Although many students (and quite a few teachers!) might disagree, analysing historical texts is one of the great joys of studying A-Level English Language. Admittedly, picking your way through the archaic lexis, grammar and orthography isn't always easy - especially with texts written before the 18th century - but once you're in, you enter a different world.
The trick to analysing such texts well is to avoid saying boring stuff about certain words not existing any more or that they don't have any grammar. Words don't vanish, they just 'fall from mainstream usage' and the only texts without grammar are ones without any words! You need to get a feel for the texts as living things. They were written by real people with real feelings about the subjects they were discussing. More significantly, the words on the page were as relevant to them at that point in history as the WhatsApp or Snapchat you sent five minutes ago. Importantly, language should not be regarded as more or less important - or superior or inferior - based on when it was produced. Simply, it is what it is.
I especially enjoy diary entries and letters from the past because they were intensely personal. They had no intended audience (at least, not a mass audience) and so they were written frankly, honestly and without affectation. They weren't trying (in most cases) to influence the reader. That said, a letter from a monarch to a politician would probably have contained some ulterior motive.
The other things that trip students up are the attitudes expressed. It's all too easy to write an essay dismissing a text as sexist, racist, superstitious or ignorant in some way, but this can be a misrepresentation. These texts shouldn't be analysed in terms of social attitudes today or how we think today; they need to be considered as a reflection of the time at which they were composed. Back then, attitudes based on gender, sexual orientation, race, social status, religion, the supernatural and so on were different. Centuries ago, there were no such things as political correctness, equality awareness or cultural sensitivity (as we understand them today) operating in the mainstream arena. Often, people were simply writing what was generally held to be true or, at least, acceptable at the time. There are exceptions of course. Nobody could read the vile rantings of a madman like Hitler and dismiss his words as culturally uninformed just because they written almost a century ago. There are some things that common sense alone leads us to recognise plainly as being only evil and wrong.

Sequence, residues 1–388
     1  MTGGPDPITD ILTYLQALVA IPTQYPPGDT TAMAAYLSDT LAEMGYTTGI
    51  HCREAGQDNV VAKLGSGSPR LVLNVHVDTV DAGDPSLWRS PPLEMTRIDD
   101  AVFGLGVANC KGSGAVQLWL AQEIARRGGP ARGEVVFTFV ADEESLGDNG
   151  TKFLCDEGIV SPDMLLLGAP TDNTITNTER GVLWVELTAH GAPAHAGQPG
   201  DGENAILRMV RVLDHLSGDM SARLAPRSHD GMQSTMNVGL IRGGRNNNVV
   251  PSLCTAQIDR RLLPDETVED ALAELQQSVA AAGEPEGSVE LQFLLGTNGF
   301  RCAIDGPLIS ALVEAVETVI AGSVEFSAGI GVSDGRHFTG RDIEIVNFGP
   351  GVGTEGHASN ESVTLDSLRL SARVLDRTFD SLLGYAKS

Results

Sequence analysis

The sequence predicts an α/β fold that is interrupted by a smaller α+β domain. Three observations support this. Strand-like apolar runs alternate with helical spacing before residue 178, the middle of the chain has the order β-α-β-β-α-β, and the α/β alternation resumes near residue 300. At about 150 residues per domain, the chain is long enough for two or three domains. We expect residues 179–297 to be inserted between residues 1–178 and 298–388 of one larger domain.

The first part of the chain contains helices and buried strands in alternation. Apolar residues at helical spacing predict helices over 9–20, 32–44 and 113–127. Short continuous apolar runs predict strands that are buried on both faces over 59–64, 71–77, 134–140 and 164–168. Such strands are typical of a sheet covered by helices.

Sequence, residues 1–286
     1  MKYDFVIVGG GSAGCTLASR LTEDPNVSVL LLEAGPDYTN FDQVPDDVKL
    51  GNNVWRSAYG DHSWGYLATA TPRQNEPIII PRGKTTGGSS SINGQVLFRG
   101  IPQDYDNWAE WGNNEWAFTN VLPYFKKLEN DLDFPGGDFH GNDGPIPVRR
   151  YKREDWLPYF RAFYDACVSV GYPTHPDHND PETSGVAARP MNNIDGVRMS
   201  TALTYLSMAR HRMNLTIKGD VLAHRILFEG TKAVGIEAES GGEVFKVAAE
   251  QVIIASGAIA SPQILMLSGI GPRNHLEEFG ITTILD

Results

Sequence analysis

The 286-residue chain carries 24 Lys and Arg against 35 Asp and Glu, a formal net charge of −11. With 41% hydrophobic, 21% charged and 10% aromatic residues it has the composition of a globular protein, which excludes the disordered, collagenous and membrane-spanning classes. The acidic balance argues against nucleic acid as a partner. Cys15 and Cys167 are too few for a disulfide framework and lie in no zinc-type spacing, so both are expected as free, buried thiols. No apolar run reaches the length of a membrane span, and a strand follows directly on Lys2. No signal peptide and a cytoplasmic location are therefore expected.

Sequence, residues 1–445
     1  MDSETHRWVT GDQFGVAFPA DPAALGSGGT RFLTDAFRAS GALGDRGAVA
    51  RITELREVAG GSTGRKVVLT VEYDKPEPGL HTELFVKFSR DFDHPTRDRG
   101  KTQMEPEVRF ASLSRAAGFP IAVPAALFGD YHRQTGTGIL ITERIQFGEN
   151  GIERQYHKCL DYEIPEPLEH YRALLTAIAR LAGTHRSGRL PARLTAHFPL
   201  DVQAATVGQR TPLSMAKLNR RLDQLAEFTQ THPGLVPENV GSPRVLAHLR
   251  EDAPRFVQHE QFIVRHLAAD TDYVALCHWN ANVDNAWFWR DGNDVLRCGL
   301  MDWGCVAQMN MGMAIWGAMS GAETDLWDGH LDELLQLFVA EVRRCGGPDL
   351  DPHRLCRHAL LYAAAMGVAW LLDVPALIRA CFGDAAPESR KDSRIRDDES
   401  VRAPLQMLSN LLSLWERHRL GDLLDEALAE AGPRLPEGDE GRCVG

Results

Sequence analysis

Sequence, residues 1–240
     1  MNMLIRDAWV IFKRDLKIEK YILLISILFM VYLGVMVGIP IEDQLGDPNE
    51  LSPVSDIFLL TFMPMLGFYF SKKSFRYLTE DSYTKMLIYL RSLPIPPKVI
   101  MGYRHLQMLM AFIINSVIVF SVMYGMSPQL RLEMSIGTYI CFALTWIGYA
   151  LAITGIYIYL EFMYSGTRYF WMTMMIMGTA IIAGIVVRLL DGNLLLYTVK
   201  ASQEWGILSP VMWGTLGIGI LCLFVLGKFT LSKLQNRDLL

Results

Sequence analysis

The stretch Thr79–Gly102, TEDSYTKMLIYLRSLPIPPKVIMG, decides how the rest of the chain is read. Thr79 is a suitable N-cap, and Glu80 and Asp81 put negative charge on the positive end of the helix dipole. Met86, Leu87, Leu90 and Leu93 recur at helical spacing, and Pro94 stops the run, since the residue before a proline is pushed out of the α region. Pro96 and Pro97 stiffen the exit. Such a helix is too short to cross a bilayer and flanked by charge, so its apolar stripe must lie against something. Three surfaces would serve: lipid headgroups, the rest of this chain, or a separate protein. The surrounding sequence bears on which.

More often than not, you can discern much about the text you are analysing by reading the contextual information provided by the examiner and looking at the year of publication or origin. Sometimes you will see that a text was written in or around a significant year. If so, ask yourself if there are any parallels that can be drawn between the attitudes expressed and the point in history that it was written. Above all, just remember that the attitudes and ideas expressed may only seem ignorant or offensive when weighed against today's knowledge and social values. As ever, historical knowledge is important and context is everything.
The one piece of advice I would leave you with is this: don't be scared of an old text. Trust your revision and remember that the examiner won't ever ask you to analyse something inaccessible.